The audit firms in the country are in a fresh struggle with audit firms in Europe, who in the wake of the Brexit move, now find Nigerian auditors attractive and have lured them over with juicier contracts, saner environments and a more humane system. The banking sector too is not spared, neither is the education sector immune to this mass migration of trained and qualified individuals. The struggle to manage staff turnover has gone beyond the conventional contest between local employers trying to offer better packages and perks to attract or build employee loyalty.

There is a demand for more, which cannot be met by the Nigerian work environment. The current competition for brains, is being led by government of nations, supported by willing employers. This has ushered in an era where conscious organisations are doing their best to create work cultures and environments beyond the norm, knowing that the competition is global. In the pursuit to meet this standard, importance has been placed on trainings, salary reviews and staff development. In the days ahead, it is expected that companies will report increasing payroll cost in addition to the already high cost of production in the country.

Nigeria has a progressive tax structure, capped at 24% under its Personal Income Tax system. Under this system, the PAYE deducted per individual, at the various tax bands increases as the income of the employee increases. Given that the target migrants are mostly midlevel to senior level employees, there may be a significant drop in the PAYE remittances to individual states of the federation. For instance, a midlevel or a senior employee with a monthly gross salary of N450,000 will contribute more to the tax coffers of the government than an entry level or junior staff with a gross monthly salary of N150,000. One can argue that the exit of the senior employees will create room for replacements by the new employees joining the workforce. However, the new entrants will still be at the lower cadre of the tax band and will not buffer the impact that the exiting migrants will have on the tax records of the relevant states.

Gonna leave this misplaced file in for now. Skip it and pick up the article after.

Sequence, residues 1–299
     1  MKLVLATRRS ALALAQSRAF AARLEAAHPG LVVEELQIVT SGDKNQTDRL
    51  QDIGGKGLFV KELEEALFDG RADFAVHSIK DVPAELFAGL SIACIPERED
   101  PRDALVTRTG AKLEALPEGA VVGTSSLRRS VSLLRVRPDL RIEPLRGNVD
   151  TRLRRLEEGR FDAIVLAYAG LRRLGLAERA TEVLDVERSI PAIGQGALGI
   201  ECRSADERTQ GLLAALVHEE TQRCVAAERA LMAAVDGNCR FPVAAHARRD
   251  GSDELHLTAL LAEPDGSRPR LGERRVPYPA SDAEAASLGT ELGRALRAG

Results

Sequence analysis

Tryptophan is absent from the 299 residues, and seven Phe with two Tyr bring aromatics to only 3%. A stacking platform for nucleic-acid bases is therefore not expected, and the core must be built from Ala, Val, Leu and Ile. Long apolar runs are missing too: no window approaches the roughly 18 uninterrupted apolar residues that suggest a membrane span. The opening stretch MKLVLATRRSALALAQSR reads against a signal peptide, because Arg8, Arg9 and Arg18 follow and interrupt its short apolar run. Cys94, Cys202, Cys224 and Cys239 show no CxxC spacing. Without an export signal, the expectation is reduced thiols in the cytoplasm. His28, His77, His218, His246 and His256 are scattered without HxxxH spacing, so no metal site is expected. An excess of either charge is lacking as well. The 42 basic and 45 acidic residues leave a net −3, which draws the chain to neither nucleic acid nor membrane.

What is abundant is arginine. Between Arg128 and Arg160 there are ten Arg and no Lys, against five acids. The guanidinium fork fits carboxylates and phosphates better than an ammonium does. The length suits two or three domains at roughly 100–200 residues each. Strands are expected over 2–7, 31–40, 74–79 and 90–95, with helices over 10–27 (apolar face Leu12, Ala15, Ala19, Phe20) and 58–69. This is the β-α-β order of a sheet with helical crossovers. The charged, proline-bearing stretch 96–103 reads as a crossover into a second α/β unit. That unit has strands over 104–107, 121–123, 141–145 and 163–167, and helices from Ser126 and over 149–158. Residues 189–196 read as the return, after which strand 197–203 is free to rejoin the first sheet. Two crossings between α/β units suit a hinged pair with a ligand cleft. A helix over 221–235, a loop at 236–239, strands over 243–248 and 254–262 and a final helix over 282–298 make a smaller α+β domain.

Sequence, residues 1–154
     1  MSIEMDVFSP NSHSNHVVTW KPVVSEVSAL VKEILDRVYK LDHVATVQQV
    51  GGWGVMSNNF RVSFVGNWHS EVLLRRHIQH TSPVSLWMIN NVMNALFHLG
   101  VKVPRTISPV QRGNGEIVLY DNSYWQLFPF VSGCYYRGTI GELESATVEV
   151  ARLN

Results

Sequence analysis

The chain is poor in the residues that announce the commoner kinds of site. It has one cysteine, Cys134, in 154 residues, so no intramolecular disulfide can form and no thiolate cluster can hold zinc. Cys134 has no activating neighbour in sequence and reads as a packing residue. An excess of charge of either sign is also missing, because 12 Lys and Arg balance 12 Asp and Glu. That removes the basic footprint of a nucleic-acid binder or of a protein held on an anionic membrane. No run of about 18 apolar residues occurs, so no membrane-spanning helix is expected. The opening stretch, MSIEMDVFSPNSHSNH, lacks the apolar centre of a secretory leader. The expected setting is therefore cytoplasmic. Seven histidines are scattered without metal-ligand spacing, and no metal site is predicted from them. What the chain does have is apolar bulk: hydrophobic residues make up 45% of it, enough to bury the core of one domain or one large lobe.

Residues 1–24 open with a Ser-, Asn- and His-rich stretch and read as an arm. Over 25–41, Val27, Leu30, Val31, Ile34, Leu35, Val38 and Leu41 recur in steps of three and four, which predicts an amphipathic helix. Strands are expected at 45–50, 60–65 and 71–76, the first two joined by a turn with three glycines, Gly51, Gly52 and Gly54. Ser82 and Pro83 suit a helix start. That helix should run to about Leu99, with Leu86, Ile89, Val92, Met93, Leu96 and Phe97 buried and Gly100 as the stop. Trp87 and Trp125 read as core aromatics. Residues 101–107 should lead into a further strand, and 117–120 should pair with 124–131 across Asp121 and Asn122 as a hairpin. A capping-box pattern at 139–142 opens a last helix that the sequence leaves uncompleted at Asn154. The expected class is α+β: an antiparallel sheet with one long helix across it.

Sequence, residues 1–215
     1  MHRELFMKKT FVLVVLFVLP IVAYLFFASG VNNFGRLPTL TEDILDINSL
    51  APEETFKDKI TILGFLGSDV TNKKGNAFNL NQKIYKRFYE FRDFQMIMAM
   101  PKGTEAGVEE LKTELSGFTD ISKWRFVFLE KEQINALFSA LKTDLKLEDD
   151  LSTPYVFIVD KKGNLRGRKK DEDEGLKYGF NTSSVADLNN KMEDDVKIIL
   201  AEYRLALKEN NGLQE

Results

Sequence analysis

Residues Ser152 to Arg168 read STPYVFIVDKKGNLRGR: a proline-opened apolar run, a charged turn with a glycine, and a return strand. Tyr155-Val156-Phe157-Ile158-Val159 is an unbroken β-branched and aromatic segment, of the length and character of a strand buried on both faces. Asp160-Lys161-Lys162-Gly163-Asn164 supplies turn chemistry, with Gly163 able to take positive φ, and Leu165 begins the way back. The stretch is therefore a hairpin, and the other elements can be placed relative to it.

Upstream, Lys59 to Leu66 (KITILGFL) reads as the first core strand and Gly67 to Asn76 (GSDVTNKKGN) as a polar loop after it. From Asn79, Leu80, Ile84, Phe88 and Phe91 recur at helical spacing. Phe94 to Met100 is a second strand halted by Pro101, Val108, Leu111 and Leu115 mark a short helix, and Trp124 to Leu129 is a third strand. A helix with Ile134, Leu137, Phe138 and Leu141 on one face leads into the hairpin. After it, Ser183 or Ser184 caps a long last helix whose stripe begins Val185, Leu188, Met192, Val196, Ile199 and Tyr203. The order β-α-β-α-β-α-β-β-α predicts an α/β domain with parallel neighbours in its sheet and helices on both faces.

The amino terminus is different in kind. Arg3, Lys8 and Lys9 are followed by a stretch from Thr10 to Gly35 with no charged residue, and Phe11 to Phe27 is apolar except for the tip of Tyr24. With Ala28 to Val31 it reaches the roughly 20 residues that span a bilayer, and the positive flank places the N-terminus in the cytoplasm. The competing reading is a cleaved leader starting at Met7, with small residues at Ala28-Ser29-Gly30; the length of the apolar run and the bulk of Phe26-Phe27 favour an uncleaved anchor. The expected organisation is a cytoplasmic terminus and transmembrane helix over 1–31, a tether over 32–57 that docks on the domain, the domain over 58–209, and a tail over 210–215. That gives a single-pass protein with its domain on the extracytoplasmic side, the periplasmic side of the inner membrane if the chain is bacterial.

The exit of the higher earners will also affect the purchasing power of individuals as well as goods being purchased per time. Revenue from VAT may reduce with declining purchasing power of consumers. Q3 2019 reported a drop in the VAT collected. Whilst stakeholders continue to speculate on the reason for the decreased VAT collection, it may not be totally unconnected with the exits of Nigeria’s moderate to high income earners.

The exit of professionals with the experience to drive the nation’s critical sectors may usher in a slow but sure human resource crisis mode. Nigeria may no doubt be facing a second bout of brain drain. People with less qualification and experience may be left to drive critical processes. The learning curve increases, same with the inefficiencies that come with straightening a curve. While the demerits of the mass exodus of Nigeria’s able and young raises a lot of concerns, it is pertinent to state that it is not all dark and cloudy.

Migration no doubt has its positives. There is no gainsaying that it has created more room for new minds to break into the Nigerian labour force. While available statistics suggest that the nation’s unemployment rate is critical, there is no doubt that it would have been worse if everyone has been stuck here with no opportunity for new people to enter the labour force.

A 2019 report placed Nigeria’s diaspora inflow for 2018 at US$23.63 billion. This represents about 6.1% of Nigeria’s GDP and 7.4 times higher than net development inflows from foreign aids. It is expected that this figure will continue to grow given that majority of the Nigerian migrants are gainfully employed and will have the capacity to remit funds home.

For a nation in severe need of leadership, rebranding and a total change of attitude to life, it will no doubt be a plus if a significant number of its citizens can experience the workings of saner climes with the hope that in the years to come, this would trigger a re-orientation and bring about the desired change.